The Best Strategy For Swing Trading Stocks and ETFs

eBook To Sizzling Weekly Option Trades we’ll primarily be focusing on stock and ETF options that expire on Friday at the market close. looking for, either, a day trade or a swing trade for one to two days or more, you can buy the weekly option, which requires a lot less capital.

Upside Reversals based on daily data. Top 10 Stocks - the best of the best based on charts, financials and valuation. Set an entry for the trade somewhere near the lower end of the daily trading range, or wait for a one or two day pull back before entering. However, in flat or downtrending markets, we shift our focus more to trading ETFs because they can provide us with a low correlation to the direction of the broad market currency, commodity, fixed income, and international ETFs. Obviously, knowing when to sell is at least equally as important.

How to Swing Trade ETFs

E*TRADE Commission-Free ETF Analysis - ETF Trend ranking based on: daily data or weekly data - Trend Score Changes based on: Swing Signals-- today's free list of stocks ready for swing trading. Every week we review all the stocks listed on the NYSE, AMEX and NASDAQ, over securities in all.

The video is best viewed in full-screen HD mode click bottom right of video player window:. As technical momentum traders, we do not believe in the Wall Street mantra of "buy low and sell high. Stocks and ETFs in strong uptrends that have outperformed the market over a 6 to 12 month period have a high probability of continuing their bullish trends for the next few months.

As Sir Isaac Newton once proclaimed, "an object in motion stays in motion until a greater force acts against it. Similarly, stocks trading at or near their week highs have the least amount of overhead resistance to work through, and can therefore stay in uptrends longer than anyone expects.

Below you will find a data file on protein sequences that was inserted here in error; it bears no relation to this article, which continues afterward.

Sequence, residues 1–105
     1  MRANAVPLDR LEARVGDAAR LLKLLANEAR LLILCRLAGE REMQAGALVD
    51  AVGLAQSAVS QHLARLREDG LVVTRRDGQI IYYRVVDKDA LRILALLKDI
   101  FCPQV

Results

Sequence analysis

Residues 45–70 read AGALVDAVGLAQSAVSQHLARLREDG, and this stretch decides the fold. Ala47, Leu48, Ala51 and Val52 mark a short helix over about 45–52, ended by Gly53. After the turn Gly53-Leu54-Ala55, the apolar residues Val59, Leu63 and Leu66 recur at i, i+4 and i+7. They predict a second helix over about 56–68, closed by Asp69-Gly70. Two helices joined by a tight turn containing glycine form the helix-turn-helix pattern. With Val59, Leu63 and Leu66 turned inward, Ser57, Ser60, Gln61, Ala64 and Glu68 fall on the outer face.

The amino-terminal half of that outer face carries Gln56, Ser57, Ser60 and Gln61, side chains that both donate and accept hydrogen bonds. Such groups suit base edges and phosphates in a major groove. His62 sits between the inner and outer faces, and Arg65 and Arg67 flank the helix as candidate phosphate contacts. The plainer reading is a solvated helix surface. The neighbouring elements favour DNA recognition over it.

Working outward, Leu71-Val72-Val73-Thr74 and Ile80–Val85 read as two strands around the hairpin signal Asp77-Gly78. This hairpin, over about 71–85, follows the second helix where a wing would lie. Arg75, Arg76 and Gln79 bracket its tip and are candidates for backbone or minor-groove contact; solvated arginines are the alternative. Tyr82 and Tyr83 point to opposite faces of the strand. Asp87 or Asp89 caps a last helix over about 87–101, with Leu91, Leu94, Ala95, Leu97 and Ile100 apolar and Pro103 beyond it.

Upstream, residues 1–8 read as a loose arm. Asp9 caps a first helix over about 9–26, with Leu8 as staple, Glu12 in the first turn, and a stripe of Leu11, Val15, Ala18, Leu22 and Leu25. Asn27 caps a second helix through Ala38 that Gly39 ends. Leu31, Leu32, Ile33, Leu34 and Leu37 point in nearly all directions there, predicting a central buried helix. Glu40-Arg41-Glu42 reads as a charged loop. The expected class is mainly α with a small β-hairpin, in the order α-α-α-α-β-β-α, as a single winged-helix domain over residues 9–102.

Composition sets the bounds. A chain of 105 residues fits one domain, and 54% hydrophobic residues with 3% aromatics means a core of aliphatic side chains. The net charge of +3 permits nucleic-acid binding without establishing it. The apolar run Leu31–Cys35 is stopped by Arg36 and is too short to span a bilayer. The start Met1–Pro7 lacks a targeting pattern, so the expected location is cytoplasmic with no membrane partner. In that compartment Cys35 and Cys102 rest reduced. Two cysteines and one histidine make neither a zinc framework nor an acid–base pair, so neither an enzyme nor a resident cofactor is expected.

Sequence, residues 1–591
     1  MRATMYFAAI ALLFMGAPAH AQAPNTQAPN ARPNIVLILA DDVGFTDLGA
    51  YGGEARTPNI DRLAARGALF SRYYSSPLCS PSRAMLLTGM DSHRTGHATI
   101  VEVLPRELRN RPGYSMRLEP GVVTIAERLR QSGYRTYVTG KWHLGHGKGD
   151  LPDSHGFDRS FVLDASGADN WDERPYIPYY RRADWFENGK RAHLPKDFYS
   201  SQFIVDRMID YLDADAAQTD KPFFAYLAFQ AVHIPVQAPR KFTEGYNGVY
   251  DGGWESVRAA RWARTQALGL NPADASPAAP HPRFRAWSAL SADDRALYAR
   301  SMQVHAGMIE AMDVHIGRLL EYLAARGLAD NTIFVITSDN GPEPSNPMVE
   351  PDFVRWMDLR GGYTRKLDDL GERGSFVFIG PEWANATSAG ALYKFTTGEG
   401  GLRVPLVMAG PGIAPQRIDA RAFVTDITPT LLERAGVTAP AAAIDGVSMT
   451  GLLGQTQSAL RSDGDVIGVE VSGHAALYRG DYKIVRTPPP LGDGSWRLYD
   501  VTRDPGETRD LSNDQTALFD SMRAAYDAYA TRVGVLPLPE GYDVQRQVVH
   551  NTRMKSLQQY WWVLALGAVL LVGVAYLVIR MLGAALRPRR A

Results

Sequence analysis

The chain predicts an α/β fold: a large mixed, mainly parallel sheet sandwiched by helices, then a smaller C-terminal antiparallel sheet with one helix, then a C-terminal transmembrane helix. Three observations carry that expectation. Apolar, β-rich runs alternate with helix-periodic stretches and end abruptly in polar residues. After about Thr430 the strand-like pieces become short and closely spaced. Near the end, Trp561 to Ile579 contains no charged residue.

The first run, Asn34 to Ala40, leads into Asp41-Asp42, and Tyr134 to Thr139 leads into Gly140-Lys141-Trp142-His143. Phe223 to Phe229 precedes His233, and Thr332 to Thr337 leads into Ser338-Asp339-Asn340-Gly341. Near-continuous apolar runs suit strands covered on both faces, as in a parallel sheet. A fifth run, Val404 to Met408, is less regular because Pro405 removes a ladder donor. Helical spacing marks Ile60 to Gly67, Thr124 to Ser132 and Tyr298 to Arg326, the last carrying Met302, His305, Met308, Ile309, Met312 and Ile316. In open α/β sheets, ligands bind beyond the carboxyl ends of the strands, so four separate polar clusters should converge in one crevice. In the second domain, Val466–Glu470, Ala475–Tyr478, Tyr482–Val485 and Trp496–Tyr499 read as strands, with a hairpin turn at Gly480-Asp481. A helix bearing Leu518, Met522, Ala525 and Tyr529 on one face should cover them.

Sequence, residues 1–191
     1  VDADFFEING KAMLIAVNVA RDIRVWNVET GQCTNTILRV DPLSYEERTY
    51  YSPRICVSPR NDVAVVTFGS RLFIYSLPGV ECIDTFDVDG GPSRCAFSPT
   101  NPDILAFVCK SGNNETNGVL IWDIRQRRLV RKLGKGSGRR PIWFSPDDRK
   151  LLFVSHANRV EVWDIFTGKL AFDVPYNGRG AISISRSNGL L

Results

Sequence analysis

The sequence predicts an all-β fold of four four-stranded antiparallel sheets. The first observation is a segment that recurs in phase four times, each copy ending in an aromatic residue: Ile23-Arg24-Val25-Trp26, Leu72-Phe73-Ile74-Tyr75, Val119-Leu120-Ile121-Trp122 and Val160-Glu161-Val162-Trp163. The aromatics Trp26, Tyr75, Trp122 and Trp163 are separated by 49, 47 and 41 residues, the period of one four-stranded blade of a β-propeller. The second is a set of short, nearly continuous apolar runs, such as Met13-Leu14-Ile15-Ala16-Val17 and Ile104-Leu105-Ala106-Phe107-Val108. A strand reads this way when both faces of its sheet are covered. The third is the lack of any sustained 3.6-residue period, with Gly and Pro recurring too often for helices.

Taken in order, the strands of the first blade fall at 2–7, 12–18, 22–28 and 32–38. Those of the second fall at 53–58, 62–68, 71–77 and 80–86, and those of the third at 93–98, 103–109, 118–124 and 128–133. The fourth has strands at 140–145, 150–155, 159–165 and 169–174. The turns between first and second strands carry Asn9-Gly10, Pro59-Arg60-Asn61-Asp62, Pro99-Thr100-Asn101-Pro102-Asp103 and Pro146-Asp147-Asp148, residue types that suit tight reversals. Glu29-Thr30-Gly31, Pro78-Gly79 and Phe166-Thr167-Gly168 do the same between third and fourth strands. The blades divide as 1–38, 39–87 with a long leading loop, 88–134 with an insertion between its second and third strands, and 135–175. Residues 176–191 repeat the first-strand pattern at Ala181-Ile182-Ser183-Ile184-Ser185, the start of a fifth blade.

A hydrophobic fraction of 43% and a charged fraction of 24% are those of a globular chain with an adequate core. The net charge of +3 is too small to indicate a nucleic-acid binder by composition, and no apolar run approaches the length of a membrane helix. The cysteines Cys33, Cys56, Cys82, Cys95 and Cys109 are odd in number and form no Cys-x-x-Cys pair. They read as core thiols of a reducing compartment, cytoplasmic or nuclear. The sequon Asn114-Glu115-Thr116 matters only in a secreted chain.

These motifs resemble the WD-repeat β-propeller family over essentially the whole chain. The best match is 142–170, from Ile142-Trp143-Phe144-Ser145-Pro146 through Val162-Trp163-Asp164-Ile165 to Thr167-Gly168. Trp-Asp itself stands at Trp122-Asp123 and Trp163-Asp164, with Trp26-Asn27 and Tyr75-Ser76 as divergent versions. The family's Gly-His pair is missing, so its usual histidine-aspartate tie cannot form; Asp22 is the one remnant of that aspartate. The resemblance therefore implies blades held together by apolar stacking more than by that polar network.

Ideally, the best swing trading candidates will be trading at week highs and fresh all-time highs, as they have no overhead supply resistance to work through. One common and deadly mistake new swing traders make is "bargain hunting," which is going after stocks and ETFs that have fallen out of favor in the market and are usually trading at or near their week lows.

The faulty thought process is to "simply" buy the lows, wait a while, and sell higher. However, this is a flawed plan for traders because market trends frequently last much longer than anyone expects, and it is human nature is to underestimate how long a trend can last. Therefore, it makes no sense to buy a downtrending stock or sell short an uptrending stock. This enables us to achieve strong gains in healthy, uptrending markets, while seeking to avoid losses or profit from short selling and trading inverse ETFs in flat to downtrending markets.

In bullish, uptrending markets, our main focus is on trading small to mid-cap growth stocks because they have the best capability to outperform the gains of the broad market. However, in flat or downtrending markets, we shift our focus more to trading ETFs because they can provide us with a low correlation to the direction of the broad market currency, commodity, fixed income, and international ETFs.

Knowing the right time to buy stocks and ETFs is only one part of the equation to becoming a successful swing trader. Obviously, knowing when to sell is at least equally as important. Generally, the main goal of our exit strategy is to sell winning trades into strength when they have achieved a reward-risk ratio of at least 2 to 1. That means the trade has gained at least double our initial capital risk.

However, when the trade doesn't go as expected, we calmly exit into weakness because not all trade setups work and we always employ firm risk control. With each and every trade setup, having a protective stop is the last line of defense that cannot be argued with! Our exact, preset stop prices are provided with every ETF and stock pick entered in our Wagner Daily swing trading newsletter,.